Goodreads helps you keep track of books you want to read.
Start by marking “Preface to Plato” as Want to Read:
Preface to Plato
Enlarge cover
Rate this book
Clear rating
Open Preview

Preface to Plato

4.29  ·  Rating Details ·  104 Ratings  ·  7 Reviews
Plato's frontal attack on poetry has always been a problem for sympathetic students, who have often minimized or avoided it. Beginning with the premise that the attack must be taken seriously, Mr. Havelock shows that Plato's hostility is explained by the continued domination of the poetic tradition in contemporary Greek thought. The reason for the dominance of this traditi ...more
Paperback, 342 pages
Published April 15th 1982 by Belknap Press (first published 1963)
More Details... edit details

Friend Reviews

To see what your friends thought of this book, please sign up.

Reader Q&A

To ask other readers questions about Preface to Plato, please sign up.

Be the first to ask a question about Preface to Plato

This book is not yet featured on Listopia. Add this book to your favorite list »

Community Reviews

(showing 1-30 of 245)
filter  |  sort: default (?)  |  Rating Details
Tim
May 17, 2010 Tim rated it it was amazing
For those billions of you loosing sleep each night trying to figure out why Plato was so hostile to poetry in the Republic, this book will give you sweet dreamless sleep, whiter teeth, and shrink your waistline while you feast on chocolate and pork rinds. And it might even be half true!
Arman Raina
Jun 24, 2015 Arman Raina rated it it was amazing
Shelves: favorites
My summer project of reading Ancient Greek Philosophy got off to a rough start when I stumbled through Plato’s Republic. Expecting an insightful, albeit idealistic political solution, I was sorely confused. Interspersed between polemics against Poetry and Homer, I found traces of a simplistic, totalitarian regime. Even the running of this regime was not elaborated upon, except in the branch of education.
After scouring the internet wildly for answers, I found two likely solutions to my quandary.
...more
Jesse Whyte
Apr 08, 2014 Jesse Whyte rated it it was amazing
One of those books that I encountered too late. But when I did, it suddenly synthesized years of related reading. Coupled with Luc Brisson's "How Philosophers Saved Myth", and it's the perfect preparation for reading Plato and Aristotle.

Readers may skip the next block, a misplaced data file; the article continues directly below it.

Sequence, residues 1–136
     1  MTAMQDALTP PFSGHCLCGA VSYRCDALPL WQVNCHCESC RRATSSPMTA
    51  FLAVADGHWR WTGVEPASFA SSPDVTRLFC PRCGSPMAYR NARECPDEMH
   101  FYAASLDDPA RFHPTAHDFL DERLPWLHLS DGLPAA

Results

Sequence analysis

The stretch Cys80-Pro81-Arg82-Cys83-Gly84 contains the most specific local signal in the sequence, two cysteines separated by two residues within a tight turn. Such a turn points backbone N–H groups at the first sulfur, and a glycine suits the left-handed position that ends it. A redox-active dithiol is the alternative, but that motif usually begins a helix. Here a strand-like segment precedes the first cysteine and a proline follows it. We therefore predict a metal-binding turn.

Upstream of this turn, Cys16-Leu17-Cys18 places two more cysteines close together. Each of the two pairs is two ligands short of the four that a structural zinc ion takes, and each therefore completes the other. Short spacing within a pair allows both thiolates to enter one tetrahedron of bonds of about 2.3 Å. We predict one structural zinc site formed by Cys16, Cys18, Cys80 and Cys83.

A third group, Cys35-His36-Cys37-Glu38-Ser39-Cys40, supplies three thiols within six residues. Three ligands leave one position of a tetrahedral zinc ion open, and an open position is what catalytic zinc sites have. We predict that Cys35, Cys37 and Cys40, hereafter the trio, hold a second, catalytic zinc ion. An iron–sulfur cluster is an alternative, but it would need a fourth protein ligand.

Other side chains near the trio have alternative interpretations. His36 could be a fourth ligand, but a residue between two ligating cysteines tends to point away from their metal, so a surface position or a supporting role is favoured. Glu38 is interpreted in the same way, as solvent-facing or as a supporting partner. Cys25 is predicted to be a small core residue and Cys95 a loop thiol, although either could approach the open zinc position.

Sam Lundberg
Mar 14, 2016 Sam Lundberg rated it it was amazing
Fantastic. (Note to self: reread last hundred pages.)
Ted Newell
Dec 08, 2014 Ted Newell rated it it was amazing  ·  review of another edition
Shelves: philosophy
Simply excellent. Makes sense of the transition involved in thinking by memorized narratives versus writing -- that is, abstraction. I'd say "page turner" but that'd be way too strong. Still, many juicy bits like the singing Turkish soldiers of W W 1 who, still part of the narrative epic culture, spoke in near rhyme.
berthenia
Oct 10, 2007 berthenia rated it it was amazing
Recommends it for: everyone
This book completely transformed my world view. It was originally recommended by an ancient languages scholar at U. Mich. after I asked how one could tell which parts of the Old Testament were transcribed later from an oral tradition vs. which ones were "only" written.
Egor Sofronov
Nov 19, 2012 Egor Sofronov rated it liked it
If an enlightening enterprise in archaealogy of knowledge into the Platonic Revolution, then a bit tautological one.
Roi
Roi rated it it was amazing
Sep 17, 2016
BookDB
BookDB marked it as to-read
Sep 16, 2016
Gabriel Aguilar
Gabriel Aguilar marked it as to-read
Sep 11, 2016
Doc
Doc marked it as to-read
Sep 10, 2016
Gareth
Gareth marked it as to-read
Sep 09, 2016
Donald Forster
Donald Forster marked it as to-read
Sep 09, 2016
Simen
Simen marked it as to-read
Sep 03, 2016
Perrystroika
Perrystroika marked it as to-read
Aug 30, 2016
Ben
Ben rated it really liked it
Aug 16, 2016
Gabriel
Gabriel marked it as to-read
Aug 04, 2016
Cameron Jones
Cameron Jones marked it as to-read
Jul 23, 2016
Babli
Babli marked it as to-read
Jul 18, 2016
Matt
Matt rated it really liked it
Jul 15, 2016
Avery
Avery is currently reading it
Jul 09, 2016
Anthony Crisafi
Anthony Crisafi rated it it was amazing
Jul 05, 2016
Andrew Eggenberger
Andrew Eggenberger marked it as to-read
Jul 04, 2016
Franek
Franek rated it it was amazing
Sep 12, 2016
Alastair Kemp
Alastair Kemp marked it as to-read
Jun 13, 2016
Yuli
Yuli marked it as to-read
Jul 04, 2016
Wolf
Wolf marked it as to-read
Jun 03, 2016
Jamie
Jamie marked it as to-read
May 23, 2016
Deniz
Deniz marked it as to-read
May 20, 2016
« previous 1 3 4 5 6 7 8 9 next »
There are no discussion topics on this book yet. Be the first to start one »
  • Orality and Literacy: The Technologizing of the Word
  • The Origins of Greek Thought
  • The Singer of Tales
  • The Presocratics
  • The Printing Press as an Agent of Change
  • The Exploit: A Theory of Networks
  • Paideia 1: The Ideals of Greek Culture: Archaic Greece: The Mind of Athens
  • Sorting Things Out: Classification and Its Consequences
  • The Philosophy of Symbolic Forms, Vol 2: Mythical Thought
  • The Nature of the Book: Print and Knowledge in the Making
  • The Epicurus Reader: Selected Writings and Testimonia
  • The Coming of the Book: The Impact of Printing 1450-1800
  • The Bias of Communication
  • The Philosophy of Aristotle
  • The Meaning of Meaning
  • Acts of Religion
  • Vibrant Matter: A Political Ecology of Things
  • New Science
797272
Eric Alfred Havelock was a British classicist who spent most of his life in Canada and the United States. He was a professor at the University of Toronto and was active in the Canadian socialist movement during the 1930s. In the 1960s and 1970s, he served as chair of the classics departments at both Harvard and Yale. Although he was trained in the turn-of-the-20th-century Oxbridge tradition of cla ...more
More about Eric Alfred Havelock...

Share This Book